1. [Judicial powers, how vested.] The Judicial power of the State shall
be vested in the Senate sitting as a court of impeachment, in a supreme
court, in district courts, in justices of the peace, and such other
courts inferior to the Supreme Court as may be established by law
2. [Supreme court, how constituted. Terms..] The Supreme Court shall
consist of three judges; but after the year AD 1905, the Legislature
may increase the number thereof to five. A majority of the judges constituting
the court shall be necessary to form a quorum or render a decision.
If a justice of the Supreme Court shall be disqualified from sitting
in a cause before said court, the remaining judges shall call a district
judge to sit with them on the hearing of such cause. The Judges of the
Supreme Court shall be elected by the electors of the State at large.
The term of office of the Judges of the Supreme Court, excepting as
in this article otherwise provided, shall be six years. The Judges of
the Supreme Court, immediately after the first election under this Constitution,
shall be selected by lot, so that one shall hold office for the term
of three years, one for the term of five years, and one for the term
of seven years. The lots shall be drawn by the Judges of the Supreme
Court, who, for that purpose, shall assemble at the seat of government;
and they shall cause the result thereof to be certified by the Secretary
of State, and filed in his office. The judge having the shortest term
to serve, not holding his office by appointment or election to fill
a vacancy, shall be the Chief Justice, and shall preside at all terms
of the Supreme Court, and in case of his absence, the judge, having
in like manner, the next shortest term, shall preside in his stead.
3. [Id. Qualification of judges.] Every Judge of the Supreme Court shall
be at least thirty years of age, and, before his election, shall be
a member of the bar, learned in the law, and a resident of the Territory
or State of Utah for five years next preceding his election
4. [Id. Jurisdiction. Terms.] The Supreme Court shall have original
jurisdiction to issue writs of mandamus, certiorari, prohibition, quo
warranto and habeas corpus. Each of the justices shall have power to
issue writs of habeas corpus, to any part of the State, upon petition
by or on behalf of any person held in actual custody, and may make such
writs returnable before himself or the Supreme Court, or before any
district court or judge thereof in the State. In other cases the Supreme
Court Shall have appellate jurisdiction only, and power to issue writs
necessary and proper for the exercise of that jurisdiction. The Supreme
Court shall hold at least three terms every year, and shall sit at the
capital of the State.
5. [District courts, how constituted. Terms. Jurisdiction. Judge pro
tempore.] The State shall be divided into seven judicial districts,
for each of which, at least one, and not exceeding three judges, shall
be chosen by the qualified electors thereof. The term of office of the
district judges shall be four years. Except that the District Judges
elected at the first election shall serve until the first Monday in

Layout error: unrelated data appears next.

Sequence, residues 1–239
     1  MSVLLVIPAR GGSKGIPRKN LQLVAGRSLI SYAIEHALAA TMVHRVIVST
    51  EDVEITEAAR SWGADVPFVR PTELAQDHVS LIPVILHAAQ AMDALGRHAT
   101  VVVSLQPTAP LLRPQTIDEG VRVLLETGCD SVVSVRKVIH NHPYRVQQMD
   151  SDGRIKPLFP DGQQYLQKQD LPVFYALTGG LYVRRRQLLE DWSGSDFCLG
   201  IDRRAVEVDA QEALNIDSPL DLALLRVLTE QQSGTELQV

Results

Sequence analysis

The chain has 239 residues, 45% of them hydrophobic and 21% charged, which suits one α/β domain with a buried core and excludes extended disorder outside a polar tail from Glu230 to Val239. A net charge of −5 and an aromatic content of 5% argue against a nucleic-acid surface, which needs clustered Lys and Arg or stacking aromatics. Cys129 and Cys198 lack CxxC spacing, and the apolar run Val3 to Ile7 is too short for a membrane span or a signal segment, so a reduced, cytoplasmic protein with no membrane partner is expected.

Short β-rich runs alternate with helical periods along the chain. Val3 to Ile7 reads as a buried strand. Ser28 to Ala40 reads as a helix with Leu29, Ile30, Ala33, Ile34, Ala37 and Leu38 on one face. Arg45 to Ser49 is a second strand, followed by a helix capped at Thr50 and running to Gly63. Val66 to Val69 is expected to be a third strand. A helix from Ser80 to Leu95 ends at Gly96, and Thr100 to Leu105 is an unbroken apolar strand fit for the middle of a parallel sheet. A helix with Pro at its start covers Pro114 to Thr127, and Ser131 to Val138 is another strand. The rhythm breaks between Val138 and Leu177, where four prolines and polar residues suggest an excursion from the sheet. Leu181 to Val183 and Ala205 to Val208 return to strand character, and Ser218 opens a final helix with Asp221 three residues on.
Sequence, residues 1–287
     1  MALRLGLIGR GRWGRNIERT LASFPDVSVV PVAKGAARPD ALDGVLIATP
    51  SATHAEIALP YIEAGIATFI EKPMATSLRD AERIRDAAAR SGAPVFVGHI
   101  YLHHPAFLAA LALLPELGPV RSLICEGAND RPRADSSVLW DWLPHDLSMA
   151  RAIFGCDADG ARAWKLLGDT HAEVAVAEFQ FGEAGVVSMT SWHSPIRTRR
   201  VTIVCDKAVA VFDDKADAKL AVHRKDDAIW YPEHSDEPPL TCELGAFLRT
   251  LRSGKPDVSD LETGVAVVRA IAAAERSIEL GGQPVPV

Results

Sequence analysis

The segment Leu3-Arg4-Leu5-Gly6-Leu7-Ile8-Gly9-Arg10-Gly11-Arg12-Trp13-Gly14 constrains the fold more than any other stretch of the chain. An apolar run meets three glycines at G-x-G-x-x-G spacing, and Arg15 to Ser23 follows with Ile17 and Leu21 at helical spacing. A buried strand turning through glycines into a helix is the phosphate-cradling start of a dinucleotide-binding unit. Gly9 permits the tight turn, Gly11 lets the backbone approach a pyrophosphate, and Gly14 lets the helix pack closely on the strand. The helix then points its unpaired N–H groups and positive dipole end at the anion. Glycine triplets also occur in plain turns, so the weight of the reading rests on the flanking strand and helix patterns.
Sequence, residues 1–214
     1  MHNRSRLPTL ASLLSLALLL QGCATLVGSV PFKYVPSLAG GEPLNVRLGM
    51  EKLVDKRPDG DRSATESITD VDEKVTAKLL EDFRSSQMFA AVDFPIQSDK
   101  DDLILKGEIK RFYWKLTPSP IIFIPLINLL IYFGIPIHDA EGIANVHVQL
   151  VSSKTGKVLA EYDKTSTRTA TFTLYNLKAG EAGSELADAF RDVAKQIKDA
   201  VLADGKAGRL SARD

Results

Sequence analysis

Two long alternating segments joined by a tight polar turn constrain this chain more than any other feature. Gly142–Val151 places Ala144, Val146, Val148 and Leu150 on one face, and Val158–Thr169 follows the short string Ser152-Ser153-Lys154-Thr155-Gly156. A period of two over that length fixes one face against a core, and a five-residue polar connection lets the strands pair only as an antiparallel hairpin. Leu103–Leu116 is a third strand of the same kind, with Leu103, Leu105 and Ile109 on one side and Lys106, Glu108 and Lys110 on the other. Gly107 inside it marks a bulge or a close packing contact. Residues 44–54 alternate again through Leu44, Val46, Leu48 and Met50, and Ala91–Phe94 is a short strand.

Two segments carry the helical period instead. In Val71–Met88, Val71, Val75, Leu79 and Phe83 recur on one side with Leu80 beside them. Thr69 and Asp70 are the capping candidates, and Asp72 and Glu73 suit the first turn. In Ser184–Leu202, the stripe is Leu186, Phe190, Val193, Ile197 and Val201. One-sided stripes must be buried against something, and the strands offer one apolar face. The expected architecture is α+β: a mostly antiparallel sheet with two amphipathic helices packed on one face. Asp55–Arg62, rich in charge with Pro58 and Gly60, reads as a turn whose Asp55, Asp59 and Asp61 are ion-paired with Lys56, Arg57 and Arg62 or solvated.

January, AD 1901, and until their successors shall have qualified. Until
otherwise provided by law, a district court at the county seat of each
county shall be held at least four times a year. All civil and criminal
business arising in any county, must be tried in such county, unless
a change of venue be taken, in such cases as may be provided by law.
Each judge of a District Court shall be at least twenty-five years of
age, a member of the bar, learned in the law, a resident of the Territory
or State of Utah three years next preceding his election, and shall
reside in the district for which he shall be elected. Any District Judge
may hold a District Court in any county at the request of the judge
of the district, and upon a request of the Governor, it shall be his
duty to do so. Any cause in the District Court may be tried by a judge
pro tempore, who must be a member of the bar, sworn to try the cause,
and agreed upon by the parties, or their attorneys of record.
6. [Id. Legislature may change districts.] The Legislature may change
the limits of any judicial district, or increase or decrease the number
of districts, or the judges thereof. No alteration or increase shall
have the effect of removing a judge from office. In every additional
district established, a judge shall be elected by the electors thereof,
and his term of office shall continue as provided in section five of
7. [Jurisdiction of district courts.] The District Court shall have
original jurisdiction in all matters civil and criminal, not excepted
in this Constitution, and not prohibited by law; appellate jurisdiction
from all inferior courts and tribunals, and a supervisory control of
the same. The District Courts or any judge thereof, shall have power
to issue writs of habeas corpus, mandamus, injunction, quo warranto,
certiorari, prohibition and other writs necessary to carry into effect
their orders, judgments and decrees, and to give them a general control
over inferior courts and tribunals within their respective jurisdictions.
8. [Justices of the peace. Jurisdiction, etc.] The Legislature shall
determine the number of justices of the peace to be elected, and shall
fix by law their powers, duties and compensation. The jurisdiction of
justices of the peace shall be as now provided by law, but the Legislature
may restrict the same.
9. [Appeals from district court: record, etc. From justices' courts.]
From all final judgments of the district courts, there shall be a right
of appeal to the Supreme Court. The appeal shall be upon the record
made in the court below, and under such regulations as may be provided
by law. In equity cases the appeal may be on questions of both law and
fact; in cases at law the appeal shall be on questions of law alone.
Appeals shall also lie from the final orders and decrees of the Court
in the administration of decedent estates, and in cases of guardianship,